Santa Fe felt much like this. We were privileged to stay at an AirBNB in a middle-class neighborhood, surrounded by kind elderly couples and young, vibrant families. The city itself was beautiful, in part due to strict guidelines about architecture and careful attention to a little thing called “property value.” After just a few nights in our rental, I felt at home. It felt like a place in which I, myself, might choose to live. It met with my high standards. It made me feel comfortable and safe.

Then, I discovered there was no washer or dryer in the house. Suddenly, I felt uncomfortable, inconvenienced. I tried like hell to focus on the positive – that the home owner provided us with laundry baskets, soap, and directions to the nearest laundromat – but all I could think about was the horror of spending 2-3 hours of my day parading my unmentionables around a germ-infested laundromat, in front of God-knows-who. But for 30 days, we made it work. Mostly because Nick took over the task of doing laundry, while I took the kids to the playground. At month’s end, I felt as though I’d climbed Everest. My back is still sore from all the patting I gave it for having surmounted the world’s largest obstacle of having no washer or dryer.

Then, we drove to Arizona. Now, Arizona itself is gorgeous. Sweeping vistas, beautiful red rock cliffs, it boasts a lot of the same aesthetics that I so loved about New Mexico. But the town in which we’re renting is… not what I’d expected. Let’s just say that it poses an extreme challenge to my privilege. The moment we drove across the county line, I sensed that something was amiss. As we made the final turn onto our street, my mind just kept pleading please God, no… please God, no… 

This town is not so well maintained, and the inhabitants probably don’t waste time fretting over property value. There are no sidewalks. There are no health food stores. There are broken down cars in driveways and rusty nails evvvvverywhere. There are dogs barking at all hours. The neighbors are brusque, to say the least. We are one block from a homeless shelter, miles from a Starbucks, and three nights ago, I was awakened to the unfamiliar sight and sound of a helicopter search light beaming overhead.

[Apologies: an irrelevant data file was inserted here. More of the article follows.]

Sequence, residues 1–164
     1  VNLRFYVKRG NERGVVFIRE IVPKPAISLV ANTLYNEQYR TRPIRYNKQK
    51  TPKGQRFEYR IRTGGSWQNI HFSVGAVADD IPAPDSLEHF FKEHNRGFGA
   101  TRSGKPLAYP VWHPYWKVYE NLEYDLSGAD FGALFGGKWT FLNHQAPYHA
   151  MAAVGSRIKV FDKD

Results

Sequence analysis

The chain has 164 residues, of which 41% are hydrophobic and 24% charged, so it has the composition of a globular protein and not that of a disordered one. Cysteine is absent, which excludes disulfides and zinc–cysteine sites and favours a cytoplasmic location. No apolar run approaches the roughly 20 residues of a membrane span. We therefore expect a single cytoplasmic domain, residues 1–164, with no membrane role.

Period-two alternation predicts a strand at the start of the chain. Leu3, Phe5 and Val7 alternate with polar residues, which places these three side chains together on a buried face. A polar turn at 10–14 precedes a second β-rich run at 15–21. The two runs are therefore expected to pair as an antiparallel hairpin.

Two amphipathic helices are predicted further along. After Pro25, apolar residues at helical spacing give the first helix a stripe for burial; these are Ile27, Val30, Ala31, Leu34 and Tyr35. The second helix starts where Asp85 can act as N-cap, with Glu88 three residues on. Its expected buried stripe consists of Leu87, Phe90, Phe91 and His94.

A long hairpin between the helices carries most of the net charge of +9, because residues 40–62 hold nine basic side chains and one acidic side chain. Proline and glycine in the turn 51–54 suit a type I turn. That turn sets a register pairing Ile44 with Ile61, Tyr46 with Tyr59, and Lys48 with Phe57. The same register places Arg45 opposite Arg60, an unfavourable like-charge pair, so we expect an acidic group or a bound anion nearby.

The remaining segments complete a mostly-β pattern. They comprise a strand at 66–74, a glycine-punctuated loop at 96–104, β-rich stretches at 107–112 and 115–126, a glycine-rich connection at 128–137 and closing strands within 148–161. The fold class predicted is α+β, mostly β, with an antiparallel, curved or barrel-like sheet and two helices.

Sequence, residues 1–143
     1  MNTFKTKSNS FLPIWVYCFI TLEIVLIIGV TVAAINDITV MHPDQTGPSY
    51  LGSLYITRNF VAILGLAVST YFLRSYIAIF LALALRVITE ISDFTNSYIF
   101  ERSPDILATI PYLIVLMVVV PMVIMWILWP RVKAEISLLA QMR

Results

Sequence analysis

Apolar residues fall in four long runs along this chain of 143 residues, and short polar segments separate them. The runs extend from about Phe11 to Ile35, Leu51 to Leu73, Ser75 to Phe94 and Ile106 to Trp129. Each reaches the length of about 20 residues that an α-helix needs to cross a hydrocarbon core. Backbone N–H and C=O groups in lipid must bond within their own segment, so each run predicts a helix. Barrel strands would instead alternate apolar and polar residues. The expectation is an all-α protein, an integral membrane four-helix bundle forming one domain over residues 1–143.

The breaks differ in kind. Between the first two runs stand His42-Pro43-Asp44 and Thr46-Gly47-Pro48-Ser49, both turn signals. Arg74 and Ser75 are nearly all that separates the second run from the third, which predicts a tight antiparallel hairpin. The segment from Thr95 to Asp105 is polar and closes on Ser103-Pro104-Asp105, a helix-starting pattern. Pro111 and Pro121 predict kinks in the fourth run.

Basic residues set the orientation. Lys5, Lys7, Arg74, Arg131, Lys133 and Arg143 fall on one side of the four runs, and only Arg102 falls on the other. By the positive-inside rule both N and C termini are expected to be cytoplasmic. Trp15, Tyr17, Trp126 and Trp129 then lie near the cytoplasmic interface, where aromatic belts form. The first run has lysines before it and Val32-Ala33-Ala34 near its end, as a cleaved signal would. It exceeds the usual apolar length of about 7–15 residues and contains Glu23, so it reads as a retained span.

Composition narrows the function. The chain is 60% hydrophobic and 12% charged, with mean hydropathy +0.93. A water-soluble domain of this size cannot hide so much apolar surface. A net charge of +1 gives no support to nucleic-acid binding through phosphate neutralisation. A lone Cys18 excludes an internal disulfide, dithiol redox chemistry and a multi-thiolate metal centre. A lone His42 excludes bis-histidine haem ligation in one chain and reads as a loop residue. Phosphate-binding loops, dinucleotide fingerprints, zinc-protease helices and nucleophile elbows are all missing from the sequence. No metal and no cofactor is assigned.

For the rest of the night, I slept very little, with one part of my brain screaming at me that a murderer was going to bust through my front door, and the other part scolding me for being so. fucking. whiiiiiiiite.

And, apparently, I’m the only one in this boat. Nick – who has been to war – has experienced these things before. They don’t phase him. I, on the other hand, am a nervous wreck, slowly devolving into Arizona’s own Gladys Kravitz, peeking out my windows at every odd sound. I wasted almost half an hour this afternoon peeping through my shutters at two gentlemen dressed like troubadours, each with a cigarette hanging from the side of his flat cap, slowly cruising down my street, revving the engine of their tiny, banged up orange sports car (during naptime!!!!! Goddddd!!!!) and intermittently stopping to talk to all of my neighbors. Oh my God, oh my God, are they going to come HERE? What do they WANT? I double checked the locks about 500 times and laid in the fetal position on my sofa, ears perked for a knock at the door.

All of this paranoia and discomfort makes me wish away this month, which, admittedly, really sucks. I wish I could snap my fingers and be a different person. I just can’t help it.

am white. I am privileged. It’s hard to shake these things when they’re such an engrained part of my psyche.